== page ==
Zwirner & Wirth

Konrad Klapheck

08 Nov - 22 Dec 2007

Meine vier kleinen Untugenden (My Four Little Vices)
Oil on canvas
17 x 17 3/4 inches
43 x 45 cm

Opening on November 8, Zwirner & Wirth will present a selection of paintings by German artist Konrad Klapheck. The exhibition will bring together roughly twenty paintings that span the years 1958-1998, providing an overview of the artist’s unique style and pictorial vocabulary, while attesting to his singular contribution to post-war art.

In 1955, while he was still in art school, Klapheck acquired an obsolete typewriter model and reproduced it on canvas in a mysterious, deadpan fashion. This painting captured an everyday archetype of modern culture—a rational machine for transcribing information—in an impeccably precise style. Schreibmaschine (Typewriter), 1955, is a work that seems to fall somewhere between Surrealism and Pop Art, while nonetheless remaining unclassifiable. Klapheck had originally set out to paint, as he himself noted, “a picture that was as contrary to Tachisme as possible, which is to say to replace laziness with exactitude.” Over the course of the following decades, Klapheck went on to develop an exceptionally focused artistic practice characterized by the depiction of typewriters and other technological objects that include sewing machines, telephones, faucets, and machinery.

The artist’s paintings are more than mere depictions: he discovered that this style of “cold” objectivity allowed him to convey complex personal, emotional, and political themes. The objects and machines that Klapheck presents are subtly anthropomorphized and charged with psychological and social meaning that would otherwise seem incongruous. This aspect is further enhanced by the narrative, often metaphorical titles that accompany each of the artist’s canvases, many of which express overt or sublimated eroticism: Die Erotische (Erotic Woman), for example, is a painting from 1965 that presents a faucet in a manner evocative of an amorous challenge, while Die Technik der Eroberung (The Technique of Conquest), dated 1964, depicts an elaborate system of locks and keys. A telephone takes on a playful, flirtatious quality in Verliebtheit (Amorousness), 1969, and mechanized pipes and valves are representative of Die Qual der Lust (The Torments of Pleasure), 1962. Other works by Klapheck are influenced by personal relationship dynamics, including Der Hausdrachen (She-Dragon), 1964, which humorously presents an intimidating figure in the form of a steam iron, and Der mütterliche Vater (Motherly Father), 1977, a typewriter that appears at once forceful and tender.

Klapheck’s objects and machines convey human characteristics—playful, threatening, humorous, frustrated, cowardly, motherly, etc.—in a manner that is simultaneously familiar and strange. The artist has commented, “With the help of the machine, I was able to extract unknown worlds from within myself. The machine forced me to confess my most hidden yearnings and desires.” While they explore the artist’s personal experiences and obsessions, Klapheck’s paintings relate to the universal human dramas of desire and conflict. Moreover, several of the artist’s works take up what many found difficult to address in the post-war years, namely Germany’s recent fascist past. Der Herrscher (The Emperor), 1966, for example, evokes brute power in the form of a monolithic, menacing-looking typewriter, and Die Macht des Vergessens (The Power of Oblivion), 1968, is a painting of an automobile tire that alludes to Germany’s relationship to its history in the context of the so-called post-war “economic miracle.”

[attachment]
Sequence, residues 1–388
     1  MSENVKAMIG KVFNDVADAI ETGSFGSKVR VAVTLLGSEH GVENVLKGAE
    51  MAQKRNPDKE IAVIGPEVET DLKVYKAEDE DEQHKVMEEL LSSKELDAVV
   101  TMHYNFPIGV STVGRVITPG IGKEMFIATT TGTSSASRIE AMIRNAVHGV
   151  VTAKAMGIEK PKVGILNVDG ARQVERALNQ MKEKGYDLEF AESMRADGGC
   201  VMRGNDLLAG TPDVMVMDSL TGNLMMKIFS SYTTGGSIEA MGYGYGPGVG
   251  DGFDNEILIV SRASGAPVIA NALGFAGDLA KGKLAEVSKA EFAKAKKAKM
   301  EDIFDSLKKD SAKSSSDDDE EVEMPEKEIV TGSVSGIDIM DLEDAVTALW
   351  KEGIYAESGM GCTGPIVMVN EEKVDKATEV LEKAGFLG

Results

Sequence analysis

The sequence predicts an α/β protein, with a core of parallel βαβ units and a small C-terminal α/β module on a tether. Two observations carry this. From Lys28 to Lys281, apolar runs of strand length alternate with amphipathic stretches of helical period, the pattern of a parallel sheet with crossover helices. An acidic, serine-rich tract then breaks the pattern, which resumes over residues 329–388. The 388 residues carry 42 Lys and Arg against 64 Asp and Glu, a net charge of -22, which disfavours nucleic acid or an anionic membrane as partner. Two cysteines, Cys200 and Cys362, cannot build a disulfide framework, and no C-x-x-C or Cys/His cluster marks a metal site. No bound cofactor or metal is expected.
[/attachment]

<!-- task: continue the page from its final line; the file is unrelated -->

In recent years, Klapheck’s work has taken on more explicitly figurative themes, and this exhibition will feature an important transitional painting, one of the first of his figurative paintings, titled Die Küche II (The Kitchen II), 1998, which was inspired by a group of erotic photographs from the 1920s, in which an Austrian aristocrat’s female staff is shown posing nude in the rooms in which they worked. This evocative canvas depicts two female nudes in a kitchen, surrounded by a number of utensils and objects, thus forming a cohesive link between the artist’s “objective” and “figurative” paintings.

The exhibition at Zwirner & Wirth comprises one of the first major presentations of the artist’s work in the United States since his 1969 solo exhibition at Sidney Janis Gallery, New York. Klapheck’s work has been exhibited widely in Europe since the late 1950s at such venues as the Palais des Beaux Arts, Brussels, the Museum Boymans-van Beuningen, Rotterdam, and the Museum Kunst Palast, Düsseldorf. His paintings have recently been featured in major museum retrospectives, including Konrad Klapheck: The Machine and I, organized by the Musées de Strasbourg, France (2005) and Menschen und Maschinen: Bilder von Konrad Klapheck, at the Kunsthalle Recklinghausen, Germany (2006). The artist was born in 1935 and currently lives and works in Düsseldorf.

On the occasion of the exhibition, Zwirner & Wirth, in collaboration with Steidl, will publish an extensive English-language monograph on the artist which will feature an interview between Konrad Klapheck and Christopher Williams.

Tags: Konrad Klapheck, Christopher Williams